COLUMBUS, Ohio -- MLS commissioner Don Garber said 2023 has been "a transformational year for our league," hailing the media partnership with Apple, record attendance and the arrival of Lionel Messi to Inter Miami.
Speaking to reporters during his annual state of the league address Friday, Garber said MLS set a record for total attendance at almost 11 million and reached new highs for digital and social media engagement and merchandise sales.
Without supplying specific metrics, Garber quoted Apple CEO Tim Cook as saying on a recent earnings call that the company was beating its expectations for subscriptions. He also referenced comments by Apple senior vice president for services Eddy Cue that multiple games drew over 1 million viewers. Garber added that it's still early days for the partnership.
"What we're focused on is the amount of subscriptions that we're selling, the amount of time that those people who are watching those games in front of and behind the paywall are spending on our broadcasts," Garber said.
"How are they engaging with that content? What is the demographic of that content? And then all of those things are things that we and Apple have to work together on so that we could, at the right time, communicate: 'Is all of this working for us? Is it working for Apple?'"
As for Messi's arrival in July, the Argentine superstar provided a jolt of excitement to the league and spurred interest in the Leagues Cup, the midseason tournament involving every team from both MLS and Liga MX.
"The magnitude of his decision to join MLS cannot be overstated," Garber said. "He's playing in our league. We're now just not part of the global conversation of sports, but one of the biggest stories in the world and certainly one of the biggest stories this summer.
"The eyes of the world are now on Major League Soccer because the best player to ever play the game is here and he's succeeding."
Garber was later asked about how the league was planning for Messi's eventual departure following the 2025 season when his contract expires, and maximizing the Argentine's time in MLS.
It has been suggested that the league needs to increase spending and tweak its roster rules to allow more elite players to follow Messi to MLS. Garber indicated that there are currently "no plans" to allow teams to sign a fourth designated player for the 2024 season, though there is an owner's meeting in New York on Dec. 14 in which other changes to league rules will be discussed.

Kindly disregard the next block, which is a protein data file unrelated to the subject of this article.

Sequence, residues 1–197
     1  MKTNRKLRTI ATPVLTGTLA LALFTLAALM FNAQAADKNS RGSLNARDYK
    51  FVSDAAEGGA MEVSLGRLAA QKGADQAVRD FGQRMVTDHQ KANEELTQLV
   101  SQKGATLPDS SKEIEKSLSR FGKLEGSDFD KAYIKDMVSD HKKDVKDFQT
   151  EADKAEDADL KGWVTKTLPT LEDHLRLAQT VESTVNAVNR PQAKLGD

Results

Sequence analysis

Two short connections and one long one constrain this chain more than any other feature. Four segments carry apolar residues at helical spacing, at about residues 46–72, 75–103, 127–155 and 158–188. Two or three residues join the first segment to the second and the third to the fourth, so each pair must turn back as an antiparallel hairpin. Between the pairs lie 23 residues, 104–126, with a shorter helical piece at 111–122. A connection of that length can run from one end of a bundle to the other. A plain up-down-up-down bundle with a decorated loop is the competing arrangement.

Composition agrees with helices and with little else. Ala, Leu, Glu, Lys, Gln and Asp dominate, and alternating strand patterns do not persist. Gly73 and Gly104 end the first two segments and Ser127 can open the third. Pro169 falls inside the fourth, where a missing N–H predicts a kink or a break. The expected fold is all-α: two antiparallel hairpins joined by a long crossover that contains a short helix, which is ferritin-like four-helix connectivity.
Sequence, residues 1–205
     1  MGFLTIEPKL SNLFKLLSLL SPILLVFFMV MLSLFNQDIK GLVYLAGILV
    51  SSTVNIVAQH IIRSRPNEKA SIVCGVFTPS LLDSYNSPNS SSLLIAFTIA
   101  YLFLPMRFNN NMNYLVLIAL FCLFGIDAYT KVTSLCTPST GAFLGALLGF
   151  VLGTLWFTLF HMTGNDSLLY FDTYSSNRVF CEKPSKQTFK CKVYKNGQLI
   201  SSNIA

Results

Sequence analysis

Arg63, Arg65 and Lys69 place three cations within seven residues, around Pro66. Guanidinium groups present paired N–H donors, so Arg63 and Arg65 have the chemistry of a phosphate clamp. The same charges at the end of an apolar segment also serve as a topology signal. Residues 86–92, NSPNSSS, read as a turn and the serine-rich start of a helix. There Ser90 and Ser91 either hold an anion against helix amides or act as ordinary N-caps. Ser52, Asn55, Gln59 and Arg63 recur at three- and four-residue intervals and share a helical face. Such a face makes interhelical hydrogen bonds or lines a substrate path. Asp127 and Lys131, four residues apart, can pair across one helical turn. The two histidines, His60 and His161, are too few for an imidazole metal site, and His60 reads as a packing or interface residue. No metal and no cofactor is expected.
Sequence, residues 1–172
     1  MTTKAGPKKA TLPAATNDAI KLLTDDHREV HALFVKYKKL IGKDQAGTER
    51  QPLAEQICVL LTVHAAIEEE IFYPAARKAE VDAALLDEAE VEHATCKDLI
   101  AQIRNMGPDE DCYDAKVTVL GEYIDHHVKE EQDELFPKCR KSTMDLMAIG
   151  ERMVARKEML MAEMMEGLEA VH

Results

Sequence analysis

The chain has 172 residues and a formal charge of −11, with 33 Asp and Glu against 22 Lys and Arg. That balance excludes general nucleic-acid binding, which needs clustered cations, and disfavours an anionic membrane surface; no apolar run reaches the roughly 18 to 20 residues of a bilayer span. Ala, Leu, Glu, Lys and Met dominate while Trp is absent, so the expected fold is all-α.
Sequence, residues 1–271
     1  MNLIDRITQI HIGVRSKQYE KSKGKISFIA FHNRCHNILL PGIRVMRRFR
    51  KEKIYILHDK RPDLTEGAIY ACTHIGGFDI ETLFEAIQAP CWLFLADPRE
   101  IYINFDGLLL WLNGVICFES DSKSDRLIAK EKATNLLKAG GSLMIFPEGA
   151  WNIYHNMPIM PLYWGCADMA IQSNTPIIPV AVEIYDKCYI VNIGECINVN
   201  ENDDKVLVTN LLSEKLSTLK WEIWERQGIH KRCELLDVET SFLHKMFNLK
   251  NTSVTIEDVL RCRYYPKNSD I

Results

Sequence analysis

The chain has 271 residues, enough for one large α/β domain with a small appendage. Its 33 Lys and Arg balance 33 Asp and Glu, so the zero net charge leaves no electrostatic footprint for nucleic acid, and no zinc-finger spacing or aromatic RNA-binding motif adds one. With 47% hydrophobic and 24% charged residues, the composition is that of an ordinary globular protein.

"First, I hope Leo decides to stay longer than 2025," Garber said. "So maybe 2025 isn't the deadline, but our plan is being the league we want to be in 2027, which gives us enough time to continue to do the research, speak to our fans, evaluate what the impact is of some of these changes and then be able to move forward in a positive and productive way."
There have been concerns that Messi's arrival means fans will be priced out of attending games in which he appears. Inter Miami season-ticket prices doubled in most cases. Those worries extend to road matches, but Garber made no apologies for prices going up and insisted that the league's games are still affordable.
"Variable pricing is a part of sports. Every other league does it. So I don't see any reason why it wouldn't be appropriate for Major League Soccer to do that," he said.
"I think the question as to whether or not fans are being priced out of experiencing a Messi game, I don't believe that's true. In the actual market where teams are selling tickets, those tickets are still reasonable. We can't control what happens on the secondary market and as you know, the secondary market pricing has been very high."
With the advent of the Leagues Cup, as well as the FIFA Club World Cup in 2025 and the men's World Cup in 2026, the schedule is getting increasingly crowded. Garber indicated that MLS wouldn't shut down during big events, though added he couldn't "imagine" playing through the World Cup.
"Let me say we can't afford it, so that's a message for everybody," Garber said. "If we have to shut the league down, we lose games, it impacts our players, it impacts our partners, it impacts our fans, it impacts everything that MLS has to deliver for all of our stakeholders.
"That being said, we've got to manage through that process and be clever and creative and figure out how do we configure the schedule with all these different events so that we can make it work."
Noting the arrival of expansion side San Diego FC in 2025, Garber said there are no plans for additional teams beyond that, though he didn't close the door on the idea.
"We have no plans to go beyond 30 teams at this point, but I'll say we never say never to anything," he said.
"We've got to look at how all this develops over the next number of years and if expansion makes sense at the right time, there's a market with the facility and the opportunity for us to manage the competitive format and everything related to that, then we'll certainly consider it."
Garber was asked about the safety of the league's officials after FC Cincinnati defender Matt Miazga entered the referees' locker room following a playoff game Nov. 4 against the New York Red Bulls. Miazga was later suspended for three games.
"The safety of our fans, the safety of our players, the safety of our officials is a massive priority for our league and it ought to be a priority for everyone," Garber said.
"There are times when passion gets the best of people, but that can't be tolerated and ultimately it was a tough price to pay. But we need to tell every player and every team administrator they cannot go into an official locker room and do anything that might appear or might be perceived by an official as being threatening to them, whether it was intended or not."